The Blacklegged (Deer) Tick is named for its notorious dark legs and is sometimes referred to as a deer tick because it prefers to host on the white-tailed deer. Found throughout the northeastern, mid-atlantic, southeastern and northcentral United States, Blacklegged Ticks are known vectors of Lyme Disease, Anaplasmosis, Human Babesiosis, Powassan Encephalitis, and more.
Blacklegged Ticks are a flat, broad oval shape and are typically orange-brown in color with darker legs. They have 6 legs when they hatch, but develop 8 legs as adults categorizing them as arachnids and are 1/8” long on average.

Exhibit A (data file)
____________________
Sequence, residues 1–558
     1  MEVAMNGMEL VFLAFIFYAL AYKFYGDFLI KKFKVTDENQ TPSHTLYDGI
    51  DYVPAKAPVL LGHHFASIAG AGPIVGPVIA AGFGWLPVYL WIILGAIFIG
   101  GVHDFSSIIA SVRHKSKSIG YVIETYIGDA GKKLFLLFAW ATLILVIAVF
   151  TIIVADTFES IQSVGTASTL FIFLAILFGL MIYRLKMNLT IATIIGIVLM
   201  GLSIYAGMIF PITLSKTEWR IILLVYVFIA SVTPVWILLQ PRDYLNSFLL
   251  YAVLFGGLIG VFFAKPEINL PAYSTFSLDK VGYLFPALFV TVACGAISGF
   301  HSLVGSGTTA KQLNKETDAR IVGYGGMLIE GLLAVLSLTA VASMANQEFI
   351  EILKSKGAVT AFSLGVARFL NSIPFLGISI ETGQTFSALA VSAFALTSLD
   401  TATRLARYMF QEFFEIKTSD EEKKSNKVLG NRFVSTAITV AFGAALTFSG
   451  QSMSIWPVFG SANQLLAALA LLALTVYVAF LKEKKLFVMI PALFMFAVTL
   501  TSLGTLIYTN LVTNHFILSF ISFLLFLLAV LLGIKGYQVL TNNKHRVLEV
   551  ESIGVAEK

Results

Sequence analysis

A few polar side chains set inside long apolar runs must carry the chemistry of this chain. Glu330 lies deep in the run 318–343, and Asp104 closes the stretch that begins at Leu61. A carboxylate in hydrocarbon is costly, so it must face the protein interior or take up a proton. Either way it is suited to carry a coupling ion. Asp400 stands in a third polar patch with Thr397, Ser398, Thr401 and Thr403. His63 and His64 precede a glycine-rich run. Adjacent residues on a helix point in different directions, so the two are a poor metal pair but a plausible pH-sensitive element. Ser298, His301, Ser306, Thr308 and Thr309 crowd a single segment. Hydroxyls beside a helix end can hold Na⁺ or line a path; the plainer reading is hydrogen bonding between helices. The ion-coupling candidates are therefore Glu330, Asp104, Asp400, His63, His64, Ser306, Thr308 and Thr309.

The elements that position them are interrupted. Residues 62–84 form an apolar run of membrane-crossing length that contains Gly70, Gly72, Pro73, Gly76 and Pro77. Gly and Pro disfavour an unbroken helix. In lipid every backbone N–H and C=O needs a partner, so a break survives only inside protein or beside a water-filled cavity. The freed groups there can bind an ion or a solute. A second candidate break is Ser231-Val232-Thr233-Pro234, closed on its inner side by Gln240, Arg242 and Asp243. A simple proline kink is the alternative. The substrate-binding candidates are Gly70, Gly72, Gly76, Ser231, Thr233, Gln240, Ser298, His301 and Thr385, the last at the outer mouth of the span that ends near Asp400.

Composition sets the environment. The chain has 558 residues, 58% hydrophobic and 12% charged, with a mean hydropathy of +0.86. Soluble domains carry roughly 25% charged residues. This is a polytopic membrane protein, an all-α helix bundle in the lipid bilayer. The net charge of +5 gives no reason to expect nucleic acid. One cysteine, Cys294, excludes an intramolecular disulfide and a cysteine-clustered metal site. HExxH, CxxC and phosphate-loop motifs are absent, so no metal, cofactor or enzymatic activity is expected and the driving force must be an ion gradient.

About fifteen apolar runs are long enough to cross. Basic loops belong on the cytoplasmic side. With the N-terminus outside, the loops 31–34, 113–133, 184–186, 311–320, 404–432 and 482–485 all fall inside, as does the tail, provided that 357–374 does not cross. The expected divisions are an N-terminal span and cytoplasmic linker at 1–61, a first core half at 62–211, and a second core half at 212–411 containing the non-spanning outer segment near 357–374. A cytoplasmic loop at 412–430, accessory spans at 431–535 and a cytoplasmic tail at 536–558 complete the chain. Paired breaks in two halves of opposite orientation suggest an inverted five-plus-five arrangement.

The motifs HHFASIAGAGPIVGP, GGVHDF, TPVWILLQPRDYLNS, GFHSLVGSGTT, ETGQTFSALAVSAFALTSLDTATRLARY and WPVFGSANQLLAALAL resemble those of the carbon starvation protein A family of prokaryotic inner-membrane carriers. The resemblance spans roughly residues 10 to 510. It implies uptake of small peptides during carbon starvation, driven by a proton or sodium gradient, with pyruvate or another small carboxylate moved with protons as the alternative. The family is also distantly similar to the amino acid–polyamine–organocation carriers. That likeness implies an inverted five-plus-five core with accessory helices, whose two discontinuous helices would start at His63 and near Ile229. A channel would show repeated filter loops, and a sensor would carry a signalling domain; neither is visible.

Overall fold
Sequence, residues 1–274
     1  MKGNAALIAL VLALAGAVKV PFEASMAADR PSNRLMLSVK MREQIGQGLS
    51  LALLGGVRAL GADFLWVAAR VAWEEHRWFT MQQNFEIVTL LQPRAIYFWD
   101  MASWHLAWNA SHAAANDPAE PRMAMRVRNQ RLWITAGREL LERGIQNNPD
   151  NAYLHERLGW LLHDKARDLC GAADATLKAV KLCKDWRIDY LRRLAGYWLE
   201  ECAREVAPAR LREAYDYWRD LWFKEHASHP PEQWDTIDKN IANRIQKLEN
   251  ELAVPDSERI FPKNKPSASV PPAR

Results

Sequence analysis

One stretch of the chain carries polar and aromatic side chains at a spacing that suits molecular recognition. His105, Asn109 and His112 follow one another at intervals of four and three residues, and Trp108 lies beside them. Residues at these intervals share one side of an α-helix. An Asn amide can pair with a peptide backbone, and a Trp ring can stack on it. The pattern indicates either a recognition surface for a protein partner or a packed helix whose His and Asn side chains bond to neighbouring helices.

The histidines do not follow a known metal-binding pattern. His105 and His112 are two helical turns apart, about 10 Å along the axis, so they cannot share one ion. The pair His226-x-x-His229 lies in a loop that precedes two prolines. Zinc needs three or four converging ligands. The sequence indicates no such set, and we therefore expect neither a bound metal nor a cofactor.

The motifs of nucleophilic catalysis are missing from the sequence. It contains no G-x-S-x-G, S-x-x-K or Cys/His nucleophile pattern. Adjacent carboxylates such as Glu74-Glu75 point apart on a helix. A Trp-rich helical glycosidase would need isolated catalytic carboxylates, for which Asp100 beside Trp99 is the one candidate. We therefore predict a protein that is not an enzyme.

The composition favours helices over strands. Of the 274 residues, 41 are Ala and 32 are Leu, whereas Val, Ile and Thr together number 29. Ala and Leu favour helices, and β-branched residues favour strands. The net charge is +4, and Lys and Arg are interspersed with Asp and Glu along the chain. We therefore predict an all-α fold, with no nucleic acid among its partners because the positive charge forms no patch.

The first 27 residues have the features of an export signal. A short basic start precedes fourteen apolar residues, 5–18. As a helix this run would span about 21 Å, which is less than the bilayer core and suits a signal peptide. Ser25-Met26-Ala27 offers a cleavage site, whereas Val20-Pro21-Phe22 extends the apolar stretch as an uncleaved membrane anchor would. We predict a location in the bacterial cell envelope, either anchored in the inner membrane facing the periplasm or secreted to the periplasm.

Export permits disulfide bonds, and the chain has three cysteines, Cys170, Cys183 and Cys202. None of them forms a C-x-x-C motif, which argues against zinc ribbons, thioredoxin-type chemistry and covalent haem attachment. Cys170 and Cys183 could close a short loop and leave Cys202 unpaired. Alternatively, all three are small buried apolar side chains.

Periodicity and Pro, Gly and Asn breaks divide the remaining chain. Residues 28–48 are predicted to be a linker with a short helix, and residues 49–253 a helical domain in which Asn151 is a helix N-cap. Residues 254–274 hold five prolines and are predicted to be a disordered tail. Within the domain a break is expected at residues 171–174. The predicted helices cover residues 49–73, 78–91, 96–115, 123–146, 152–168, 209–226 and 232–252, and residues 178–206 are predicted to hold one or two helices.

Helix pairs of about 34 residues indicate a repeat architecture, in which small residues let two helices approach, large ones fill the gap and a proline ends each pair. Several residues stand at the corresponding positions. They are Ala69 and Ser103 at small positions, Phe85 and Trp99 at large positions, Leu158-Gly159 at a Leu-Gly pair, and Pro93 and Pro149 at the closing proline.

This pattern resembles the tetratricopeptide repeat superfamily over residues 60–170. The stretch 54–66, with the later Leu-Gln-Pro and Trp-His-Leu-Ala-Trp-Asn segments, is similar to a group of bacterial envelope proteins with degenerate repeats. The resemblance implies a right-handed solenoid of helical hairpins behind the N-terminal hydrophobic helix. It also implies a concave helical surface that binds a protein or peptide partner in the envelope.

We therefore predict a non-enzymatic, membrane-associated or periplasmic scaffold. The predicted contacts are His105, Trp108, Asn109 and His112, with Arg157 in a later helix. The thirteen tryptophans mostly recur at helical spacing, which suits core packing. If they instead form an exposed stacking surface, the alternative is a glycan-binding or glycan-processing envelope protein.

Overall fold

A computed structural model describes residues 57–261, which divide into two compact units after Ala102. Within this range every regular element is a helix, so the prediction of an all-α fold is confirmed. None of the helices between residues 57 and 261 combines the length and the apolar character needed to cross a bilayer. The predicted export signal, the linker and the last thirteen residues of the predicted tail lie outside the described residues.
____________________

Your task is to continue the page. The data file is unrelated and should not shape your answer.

Blacklegged Ticks are vectors of Anaplasmosis, Lyme Disease and Human Babesiosis. Symptoms of Lyme Disease include fever, headache, fatigue and a bull’s eye-shaped skin rash around the bite sight. If untreated, Lyme Disease can affect the joints, heart and nervous system. Blacklegged Ticks’ favorite feeding area on humans is at the back of the neck, making detection difficult if you have long hair.